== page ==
Trouble will come. Even to the faithful. Hezekiah proves that in our reading today. He had been a faithful king, returning the land to God. He restored the temple and reorganized the priests to present it as a holy place for God. He brought worship back, providing sacrifices and burnt offerings to God. He reinstituted the Passover, commanding all of Judah to participate. Hezekiah was faithful in all he did. “He did what was good and right and faithful before the Lord his God. And every work that he undertook in the service of the house of God and in accordance with the law and the commandments, seeking his God, he did with all his heart and prospered” (2 Chronicles 31:20-21). And yet, trouble came.
As we read today, Hezekiah’s faithful kingdom came under attack by Sennacherib, the king of Assyria. He attached them where they were most vulnerable, in their faith. Threatening to take their city and kill everyone, Sennacherib argued that God could not and would not save them. That he would be just like the god’s of other cities that he had easily overthrown. Why would it be different, he asked. His talk rattled the city and sent fear through their leader, Hezekiah. This is where faith and leadership collide.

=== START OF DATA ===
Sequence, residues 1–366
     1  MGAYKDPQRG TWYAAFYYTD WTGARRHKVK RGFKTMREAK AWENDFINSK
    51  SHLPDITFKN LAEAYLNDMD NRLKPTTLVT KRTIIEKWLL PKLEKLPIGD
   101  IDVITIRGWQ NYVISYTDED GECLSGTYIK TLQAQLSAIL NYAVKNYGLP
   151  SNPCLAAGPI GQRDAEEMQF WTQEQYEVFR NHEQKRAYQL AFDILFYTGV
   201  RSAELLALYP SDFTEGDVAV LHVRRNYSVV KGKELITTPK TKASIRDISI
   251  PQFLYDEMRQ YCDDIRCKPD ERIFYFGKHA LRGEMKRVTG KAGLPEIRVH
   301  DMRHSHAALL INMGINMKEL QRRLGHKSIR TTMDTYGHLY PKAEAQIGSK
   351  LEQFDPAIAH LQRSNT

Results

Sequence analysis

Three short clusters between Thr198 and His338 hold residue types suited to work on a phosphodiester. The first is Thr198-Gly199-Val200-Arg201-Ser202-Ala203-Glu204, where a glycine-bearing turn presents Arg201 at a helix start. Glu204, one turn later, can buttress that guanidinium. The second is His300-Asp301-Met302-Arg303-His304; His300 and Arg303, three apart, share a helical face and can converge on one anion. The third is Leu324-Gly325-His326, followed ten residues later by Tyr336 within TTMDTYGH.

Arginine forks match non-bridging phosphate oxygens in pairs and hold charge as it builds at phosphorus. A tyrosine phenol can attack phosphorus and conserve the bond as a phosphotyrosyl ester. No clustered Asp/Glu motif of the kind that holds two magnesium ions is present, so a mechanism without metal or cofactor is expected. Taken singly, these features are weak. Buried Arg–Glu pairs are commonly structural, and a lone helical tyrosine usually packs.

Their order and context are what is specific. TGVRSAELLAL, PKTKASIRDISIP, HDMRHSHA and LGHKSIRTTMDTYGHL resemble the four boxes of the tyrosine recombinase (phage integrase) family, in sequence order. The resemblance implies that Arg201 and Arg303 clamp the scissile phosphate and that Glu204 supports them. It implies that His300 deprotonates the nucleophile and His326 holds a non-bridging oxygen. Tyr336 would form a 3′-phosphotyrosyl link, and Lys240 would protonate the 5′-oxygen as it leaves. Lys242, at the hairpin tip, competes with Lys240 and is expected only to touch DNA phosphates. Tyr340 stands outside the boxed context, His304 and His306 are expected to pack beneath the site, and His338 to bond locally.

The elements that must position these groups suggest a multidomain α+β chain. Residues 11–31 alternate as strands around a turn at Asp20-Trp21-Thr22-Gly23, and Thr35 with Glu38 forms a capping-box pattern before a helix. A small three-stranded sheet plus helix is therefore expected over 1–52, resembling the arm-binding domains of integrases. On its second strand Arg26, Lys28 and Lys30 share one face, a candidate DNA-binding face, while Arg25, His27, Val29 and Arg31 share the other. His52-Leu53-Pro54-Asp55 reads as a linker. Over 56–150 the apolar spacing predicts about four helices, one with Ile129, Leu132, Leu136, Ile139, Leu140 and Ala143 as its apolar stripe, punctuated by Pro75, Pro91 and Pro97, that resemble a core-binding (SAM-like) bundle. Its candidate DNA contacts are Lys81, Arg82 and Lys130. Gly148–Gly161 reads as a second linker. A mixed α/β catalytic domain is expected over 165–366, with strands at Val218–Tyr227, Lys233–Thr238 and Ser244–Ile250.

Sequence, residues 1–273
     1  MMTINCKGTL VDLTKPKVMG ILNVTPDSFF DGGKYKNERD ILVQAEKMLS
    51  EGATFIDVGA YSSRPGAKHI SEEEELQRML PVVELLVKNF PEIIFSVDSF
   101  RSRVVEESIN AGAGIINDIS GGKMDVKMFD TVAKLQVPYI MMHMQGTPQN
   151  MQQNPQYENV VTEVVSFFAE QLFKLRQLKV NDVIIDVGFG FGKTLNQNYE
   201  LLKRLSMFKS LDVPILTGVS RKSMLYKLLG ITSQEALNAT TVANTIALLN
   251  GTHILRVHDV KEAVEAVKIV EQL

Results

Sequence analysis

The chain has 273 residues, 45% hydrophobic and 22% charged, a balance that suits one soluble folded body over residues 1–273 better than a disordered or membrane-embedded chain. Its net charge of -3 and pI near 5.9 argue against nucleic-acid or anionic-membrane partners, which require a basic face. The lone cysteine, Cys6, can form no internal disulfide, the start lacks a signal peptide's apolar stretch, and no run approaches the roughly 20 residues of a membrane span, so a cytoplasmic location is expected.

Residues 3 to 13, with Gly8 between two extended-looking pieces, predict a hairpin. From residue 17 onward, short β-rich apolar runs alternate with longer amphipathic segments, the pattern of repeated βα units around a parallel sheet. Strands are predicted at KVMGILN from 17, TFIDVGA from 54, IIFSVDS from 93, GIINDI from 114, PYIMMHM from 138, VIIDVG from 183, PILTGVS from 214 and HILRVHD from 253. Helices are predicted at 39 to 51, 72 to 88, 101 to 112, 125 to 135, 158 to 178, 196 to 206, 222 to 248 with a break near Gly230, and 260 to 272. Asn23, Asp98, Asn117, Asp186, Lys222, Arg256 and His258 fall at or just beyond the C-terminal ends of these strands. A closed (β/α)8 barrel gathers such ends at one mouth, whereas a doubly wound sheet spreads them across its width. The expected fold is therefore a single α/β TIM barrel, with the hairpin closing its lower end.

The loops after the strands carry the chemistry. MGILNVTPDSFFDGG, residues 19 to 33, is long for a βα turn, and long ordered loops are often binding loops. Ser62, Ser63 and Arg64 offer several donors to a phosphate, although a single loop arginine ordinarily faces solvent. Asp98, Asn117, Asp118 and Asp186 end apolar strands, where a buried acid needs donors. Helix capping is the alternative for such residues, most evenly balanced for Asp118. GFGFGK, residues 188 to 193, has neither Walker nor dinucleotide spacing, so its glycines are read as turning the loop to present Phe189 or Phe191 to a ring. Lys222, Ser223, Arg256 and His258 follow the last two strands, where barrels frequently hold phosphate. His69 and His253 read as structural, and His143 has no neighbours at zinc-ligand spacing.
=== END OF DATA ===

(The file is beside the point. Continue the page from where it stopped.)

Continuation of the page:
While he may have been overcome with fear, Hezekiah knew where to put his hope. First, as we see in Isaiah 37, Hezekiah seeks wisdom. It is important to note who Hezekiah seeks wisdom from. It was Isaiah, his most trusted prophet. He knew that Isaiah was a Godly man that would give him direction from the Lord. When the words of Isaiah were brought to him, Hezekiah’s faith was quickly restored. This restored faith resulted in further action. Prayer.
Something strikes me about Hezekiah’s prayer. It is all about God. Hezekiah is reaffirming who God is. He acknowledges his most high position and sovereignty. Hezekiah invokes God’s power not for his own salvation and maintenance of his kingdom, but for God’s sake alone. Hezekiah’s true faith allowed God to prove to the world that He alone is Lord.
As I reflect on Hezekiah’s actions, I wonder about my own faith. When I encounter trouble, do I invoke God for my own salvation, or do I see the opportunity for God to expand his kingdom? If you have trouble in your life today, consider praying, as Hezekiah did.